The two monks moved stealthily, their own shadows chasing after them as they made their separate ways through the winding corridors of the Seat of Faith. When Ammen's dying warning reached their ears, the two monks immediately vocalized messages through the song to each other and communicated a place to rendezvous in secret. Tajuc sent out a staccato message to Nayd and failing to receive any reply realized that the third monk was already dead. Informing Romac of his discovery, Tajuc took a gamble and decided to return to the stables. It was quite unlikely, he reasoned, that the assassin would still be there.
Romac reached the rendezvous point earlier than Tajuc. In a small sack, he had carried with him his personal tuning dagger, some coin and his ragged book of psalms. A member of the Voice of the Faith typically owned such a book; new intonations, harmonies and songs learned would be transcribed in them for review. Fewer more dedicated monks would use it for the more studious study, understanding and the composition of new songs. Romac was one of those who did just that. Quickly opening his book, he skimmed through the pages to search for an experimental piece he had composed that may prove useful against the assassins. Combining the softer chords of Auhm, the harmony of the divine fire with high notes of Vitaesis, Romac had theorized one could create a melody that allowed a person to perceive beyond the normal human range of senses. Heat would become visible to one's naked eye. The assassins were soundless and Ammen's warning suggested they had a mastery of stealth. Romac hoped the melody he had written would work as he had hoped.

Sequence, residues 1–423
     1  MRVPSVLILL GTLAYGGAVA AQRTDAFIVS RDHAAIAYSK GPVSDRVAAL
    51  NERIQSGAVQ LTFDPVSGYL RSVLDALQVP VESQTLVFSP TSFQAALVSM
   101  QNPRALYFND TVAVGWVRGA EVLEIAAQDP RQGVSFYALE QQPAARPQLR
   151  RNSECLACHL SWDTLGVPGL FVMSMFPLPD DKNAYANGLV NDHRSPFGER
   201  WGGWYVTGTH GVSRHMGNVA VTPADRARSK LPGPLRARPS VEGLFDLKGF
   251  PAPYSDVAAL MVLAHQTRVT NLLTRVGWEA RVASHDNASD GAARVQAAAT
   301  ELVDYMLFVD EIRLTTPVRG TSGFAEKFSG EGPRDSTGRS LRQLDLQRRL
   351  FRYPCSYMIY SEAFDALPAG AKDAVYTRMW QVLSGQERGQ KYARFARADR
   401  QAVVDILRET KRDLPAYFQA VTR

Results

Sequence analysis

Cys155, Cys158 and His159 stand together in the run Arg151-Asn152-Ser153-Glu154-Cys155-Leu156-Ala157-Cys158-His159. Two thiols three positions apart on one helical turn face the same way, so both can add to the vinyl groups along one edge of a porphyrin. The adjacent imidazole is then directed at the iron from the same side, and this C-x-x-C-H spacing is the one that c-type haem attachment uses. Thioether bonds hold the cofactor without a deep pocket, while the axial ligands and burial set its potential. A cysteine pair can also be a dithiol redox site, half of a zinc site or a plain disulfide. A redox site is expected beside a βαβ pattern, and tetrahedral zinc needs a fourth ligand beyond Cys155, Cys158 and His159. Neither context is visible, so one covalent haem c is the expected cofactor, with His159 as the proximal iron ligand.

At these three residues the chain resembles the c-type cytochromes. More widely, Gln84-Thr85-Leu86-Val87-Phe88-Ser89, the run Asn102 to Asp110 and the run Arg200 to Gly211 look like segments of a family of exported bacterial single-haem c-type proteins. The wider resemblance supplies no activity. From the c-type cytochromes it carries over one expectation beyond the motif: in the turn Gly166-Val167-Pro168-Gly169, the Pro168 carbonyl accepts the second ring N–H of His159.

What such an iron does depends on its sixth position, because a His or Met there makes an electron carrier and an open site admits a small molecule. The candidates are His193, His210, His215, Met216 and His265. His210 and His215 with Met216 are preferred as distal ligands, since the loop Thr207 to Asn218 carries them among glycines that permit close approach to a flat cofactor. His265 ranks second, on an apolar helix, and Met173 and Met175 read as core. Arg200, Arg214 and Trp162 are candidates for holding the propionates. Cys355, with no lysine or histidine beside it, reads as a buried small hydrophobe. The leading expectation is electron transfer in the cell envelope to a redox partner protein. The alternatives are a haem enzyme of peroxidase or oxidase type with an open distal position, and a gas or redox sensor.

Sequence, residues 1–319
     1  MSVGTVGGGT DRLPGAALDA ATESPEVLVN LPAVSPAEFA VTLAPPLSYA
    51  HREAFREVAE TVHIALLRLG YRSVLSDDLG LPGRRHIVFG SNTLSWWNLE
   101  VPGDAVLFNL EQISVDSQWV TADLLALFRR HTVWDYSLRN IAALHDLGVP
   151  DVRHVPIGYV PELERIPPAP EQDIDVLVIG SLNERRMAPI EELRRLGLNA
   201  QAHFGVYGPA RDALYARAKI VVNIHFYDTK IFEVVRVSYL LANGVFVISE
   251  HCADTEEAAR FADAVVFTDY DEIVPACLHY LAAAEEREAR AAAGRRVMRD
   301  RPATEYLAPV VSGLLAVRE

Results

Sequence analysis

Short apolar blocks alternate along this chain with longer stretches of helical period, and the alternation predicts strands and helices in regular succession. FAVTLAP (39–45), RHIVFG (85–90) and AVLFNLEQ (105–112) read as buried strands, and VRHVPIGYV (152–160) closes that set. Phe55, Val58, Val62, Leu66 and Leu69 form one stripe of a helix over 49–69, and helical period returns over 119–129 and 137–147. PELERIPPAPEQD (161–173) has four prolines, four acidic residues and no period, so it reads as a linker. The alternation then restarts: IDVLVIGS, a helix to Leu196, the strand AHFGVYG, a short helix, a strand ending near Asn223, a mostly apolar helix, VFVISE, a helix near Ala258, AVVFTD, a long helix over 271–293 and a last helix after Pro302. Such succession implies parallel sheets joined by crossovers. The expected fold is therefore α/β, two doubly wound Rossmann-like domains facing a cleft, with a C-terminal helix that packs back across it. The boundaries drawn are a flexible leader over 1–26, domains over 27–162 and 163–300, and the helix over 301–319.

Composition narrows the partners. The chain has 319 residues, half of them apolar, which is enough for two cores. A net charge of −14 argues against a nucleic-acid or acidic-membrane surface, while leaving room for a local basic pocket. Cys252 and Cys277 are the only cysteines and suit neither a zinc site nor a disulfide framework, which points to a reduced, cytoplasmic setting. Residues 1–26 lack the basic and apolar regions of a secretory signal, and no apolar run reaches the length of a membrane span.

Tajuc saw the bloody remains of his friend and fought the urge to rush forward and offer final bitter farewells. There is no time to mourn the dead, he reminded himself and quickly scanned the stables if there was anyone else present. While the other dragons seemed to be contently sleeping in their pens, one dragon was awake and noiselessly observed the monk. Tajuc looked at the bloody wall and saw the senseless markings that were written in his friend's own blood. Looking past the wall, Tajuc saw the party broken pen and the dragon inside that quietly observed him.
"You saw what happened?"
The dragon nodded in response. Tajuc shook his head in disbelief. "And you did not try to help him?"
The dragon smashed its tail against the damaged portions of the cage. A small whirlwind, barely a foot tall, manifested at Tajuc's feet, causing some dust and other trash to swirl.
"The assassin," Tajuc continued his line of inquiry, "You saw what it looked like?"
The dragon undulated its still growing hair. It was, after all, younger than most dragons that were present. Tajuc deciphered the motions and nodded in agreement. "The Kabal. Some rumors say the Kabal is merely a myth. That in truth they are merely guards in fancy clothing. Others whisper of the Kabal as some dark reminder of a painful song the current Hierophant once sang in hopes of further defending the Sea of Faith. You are certain it was one of the Kabal."
The dragon nodded.
Chambers away, Romac completed the melody and felt the winding music begin to coil around him like a reassuring snake. Romac saw his field of vision exponentially become a colorful observation of what he looked at, with varying hues suggesting if a person is gifted, if a weapon was drawn, and if the other was in a good or not too good state of health. That very moment Romac completed the melody, his eyes caught sight of the Kabal assassin literally waiting for him to be too distracted to notice the killing blow. The assassin had blended among the shadows and simply waited for the right moment to strike.
Can't let him know I can see him, Romac reminded himself and tried to stay calm. He knew he too had to wait for the perfect moment to enact his counter stroke.